Why has the air gone out of markets quite so quickly after an election result which delivered what many people consider to have been the best result in the circumstances? Investors’ relief has quickly evaporated as they look beyond the election to the fundamental problems of the Greek economy and broader issues across the rest of the eurozone.
HSBC’s David Bloom, head of foreign exchange strategy; and Janet Henry, chief European economist, have written a note this morning which sets out the tasks facing a new government in Athens. It makes for sober reading (with my notes in square brackets):
The current timeline is very tight, requiring the incoming government to quickly update the [budget] and identify additional [cuts], amounting to EUR11bn (5.5% of GDP), by the end of June, to [balance the government’s books] by 2014. Only once these have been approved by the Troika [the IMF, the ECB and the European Commission] will Greece receive the planned EUR31bn of funding, including EUR23bn for bank recapitalisations.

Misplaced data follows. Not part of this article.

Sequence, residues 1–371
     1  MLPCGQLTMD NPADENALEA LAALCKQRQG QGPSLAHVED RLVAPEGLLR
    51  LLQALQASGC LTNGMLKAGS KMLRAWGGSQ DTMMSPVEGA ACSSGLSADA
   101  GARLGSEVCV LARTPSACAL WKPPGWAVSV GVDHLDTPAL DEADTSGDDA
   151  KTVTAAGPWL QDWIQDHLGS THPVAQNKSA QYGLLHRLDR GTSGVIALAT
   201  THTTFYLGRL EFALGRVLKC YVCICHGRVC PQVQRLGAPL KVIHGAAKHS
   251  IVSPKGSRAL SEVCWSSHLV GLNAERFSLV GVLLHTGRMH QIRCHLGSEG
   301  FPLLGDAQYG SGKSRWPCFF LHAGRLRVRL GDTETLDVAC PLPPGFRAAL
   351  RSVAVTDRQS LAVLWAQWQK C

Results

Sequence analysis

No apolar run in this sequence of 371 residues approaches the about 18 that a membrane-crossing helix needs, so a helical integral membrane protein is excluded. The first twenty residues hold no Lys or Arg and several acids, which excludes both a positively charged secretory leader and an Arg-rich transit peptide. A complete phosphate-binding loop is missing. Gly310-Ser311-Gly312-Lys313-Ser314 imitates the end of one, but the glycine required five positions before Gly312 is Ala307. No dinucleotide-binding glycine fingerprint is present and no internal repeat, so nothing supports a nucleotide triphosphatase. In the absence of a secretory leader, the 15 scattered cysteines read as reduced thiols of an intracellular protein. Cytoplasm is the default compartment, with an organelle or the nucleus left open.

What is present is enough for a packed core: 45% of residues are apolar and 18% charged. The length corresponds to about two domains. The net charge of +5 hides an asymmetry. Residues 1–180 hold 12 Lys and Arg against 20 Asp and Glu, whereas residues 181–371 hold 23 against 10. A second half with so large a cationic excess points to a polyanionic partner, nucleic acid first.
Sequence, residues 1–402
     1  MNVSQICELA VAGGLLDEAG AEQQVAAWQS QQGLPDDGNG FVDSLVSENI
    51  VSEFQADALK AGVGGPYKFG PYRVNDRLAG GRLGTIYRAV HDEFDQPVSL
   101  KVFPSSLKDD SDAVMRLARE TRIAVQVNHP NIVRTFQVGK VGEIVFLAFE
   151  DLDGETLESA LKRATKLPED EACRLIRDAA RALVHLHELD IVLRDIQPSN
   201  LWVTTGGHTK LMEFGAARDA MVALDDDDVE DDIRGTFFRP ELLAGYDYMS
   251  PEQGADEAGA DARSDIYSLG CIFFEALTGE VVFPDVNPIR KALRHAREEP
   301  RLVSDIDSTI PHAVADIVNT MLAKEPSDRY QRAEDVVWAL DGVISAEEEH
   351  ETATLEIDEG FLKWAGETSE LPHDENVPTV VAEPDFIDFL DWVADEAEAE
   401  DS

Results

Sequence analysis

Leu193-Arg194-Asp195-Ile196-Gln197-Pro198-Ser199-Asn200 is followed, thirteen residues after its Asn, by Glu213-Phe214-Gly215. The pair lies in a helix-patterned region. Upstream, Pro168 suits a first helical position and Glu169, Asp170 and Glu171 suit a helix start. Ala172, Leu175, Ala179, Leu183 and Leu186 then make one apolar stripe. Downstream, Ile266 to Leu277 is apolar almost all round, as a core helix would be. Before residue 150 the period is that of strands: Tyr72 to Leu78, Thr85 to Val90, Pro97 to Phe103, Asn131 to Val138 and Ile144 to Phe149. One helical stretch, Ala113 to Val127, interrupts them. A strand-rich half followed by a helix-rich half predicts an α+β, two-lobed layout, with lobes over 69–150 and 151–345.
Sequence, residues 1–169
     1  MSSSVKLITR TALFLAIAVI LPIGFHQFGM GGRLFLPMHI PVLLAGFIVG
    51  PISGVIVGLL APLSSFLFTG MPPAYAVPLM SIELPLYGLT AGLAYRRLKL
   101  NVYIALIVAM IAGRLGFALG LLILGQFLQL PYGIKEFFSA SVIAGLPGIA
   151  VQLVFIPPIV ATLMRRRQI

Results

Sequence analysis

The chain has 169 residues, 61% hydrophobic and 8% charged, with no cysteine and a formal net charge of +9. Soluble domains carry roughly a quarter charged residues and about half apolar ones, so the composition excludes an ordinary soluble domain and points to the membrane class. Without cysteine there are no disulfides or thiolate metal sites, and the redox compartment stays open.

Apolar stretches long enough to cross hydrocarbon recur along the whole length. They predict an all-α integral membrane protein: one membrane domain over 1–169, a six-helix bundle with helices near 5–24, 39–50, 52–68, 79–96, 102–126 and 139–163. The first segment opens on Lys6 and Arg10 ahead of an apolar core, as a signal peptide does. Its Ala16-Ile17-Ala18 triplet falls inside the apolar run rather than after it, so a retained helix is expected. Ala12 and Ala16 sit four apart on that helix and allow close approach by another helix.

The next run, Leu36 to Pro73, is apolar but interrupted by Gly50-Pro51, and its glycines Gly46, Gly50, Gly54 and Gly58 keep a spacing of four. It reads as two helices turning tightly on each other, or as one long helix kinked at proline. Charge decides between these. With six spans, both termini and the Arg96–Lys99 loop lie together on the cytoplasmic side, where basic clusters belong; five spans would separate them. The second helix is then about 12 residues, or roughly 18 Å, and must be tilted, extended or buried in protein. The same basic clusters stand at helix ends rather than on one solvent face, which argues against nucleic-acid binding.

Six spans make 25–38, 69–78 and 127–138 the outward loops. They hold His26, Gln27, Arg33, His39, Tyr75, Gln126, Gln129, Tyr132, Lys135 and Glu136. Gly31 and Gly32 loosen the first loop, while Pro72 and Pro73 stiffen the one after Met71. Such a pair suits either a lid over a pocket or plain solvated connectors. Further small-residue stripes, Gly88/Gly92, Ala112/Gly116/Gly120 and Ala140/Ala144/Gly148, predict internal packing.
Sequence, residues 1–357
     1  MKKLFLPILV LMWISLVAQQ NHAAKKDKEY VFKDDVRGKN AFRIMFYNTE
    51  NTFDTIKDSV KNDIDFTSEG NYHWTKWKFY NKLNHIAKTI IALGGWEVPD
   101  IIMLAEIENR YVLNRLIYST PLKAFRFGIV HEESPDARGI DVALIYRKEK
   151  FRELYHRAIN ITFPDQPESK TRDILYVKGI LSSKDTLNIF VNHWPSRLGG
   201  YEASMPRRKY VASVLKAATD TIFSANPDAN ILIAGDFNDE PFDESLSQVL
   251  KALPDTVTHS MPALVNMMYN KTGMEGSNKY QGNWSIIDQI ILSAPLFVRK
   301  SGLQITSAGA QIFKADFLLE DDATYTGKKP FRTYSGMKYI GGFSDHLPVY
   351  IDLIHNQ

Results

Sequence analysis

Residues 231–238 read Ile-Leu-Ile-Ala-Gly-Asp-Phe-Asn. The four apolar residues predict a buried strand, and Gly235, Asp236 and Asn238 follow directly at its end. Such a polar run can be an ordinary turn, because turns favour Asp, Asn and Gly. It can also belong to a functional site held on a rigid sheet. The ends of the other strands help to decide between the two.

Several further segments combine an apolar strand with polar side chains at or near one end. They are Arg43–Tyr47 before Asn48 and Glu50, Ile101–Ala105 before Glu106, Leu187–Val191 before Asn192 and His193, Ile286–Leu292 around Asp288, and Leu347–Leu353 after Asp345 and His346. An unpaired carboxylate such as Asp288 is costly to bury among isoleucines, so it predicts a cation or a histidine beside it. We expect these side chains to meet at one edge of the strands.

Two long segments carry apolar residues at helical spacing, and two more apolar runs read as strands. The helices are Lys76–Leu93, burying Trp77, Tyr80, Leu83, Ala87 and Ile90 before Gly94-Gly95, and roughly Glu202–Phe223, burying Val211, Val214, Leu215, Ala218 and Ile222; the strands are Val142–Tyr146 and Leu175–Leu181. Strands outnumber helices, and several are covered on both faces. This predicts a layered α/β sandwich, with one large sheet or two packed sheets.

[…] A short delay [in payments from the international authorities] would not be catastrophic as the share of the tranche that is required for bond redemptions (mainly to the ECB) is not needed until August. Assuming that hurdle is crossed, the fact remains that the challenges facing Greece are still huge, and with the economy still mired in recession and very high [debts], solvency concerns will persist. Hence this election outcome is unlikely to put the prospect of euro exit for Greece on the backburner for long. The quarterly reviews [by the Troika] will still be nerve-wracking.
In sum, Greece needs foreign bailout cash to function.
If it slips up in the commitments it has made to slash government budgets that cash may dry up. HSBC (and many others) think it’s a tall order and so a ‘Grexit’ is still on the cards.
That’s one reason why markets are looking so rocky even before a coalition is formed.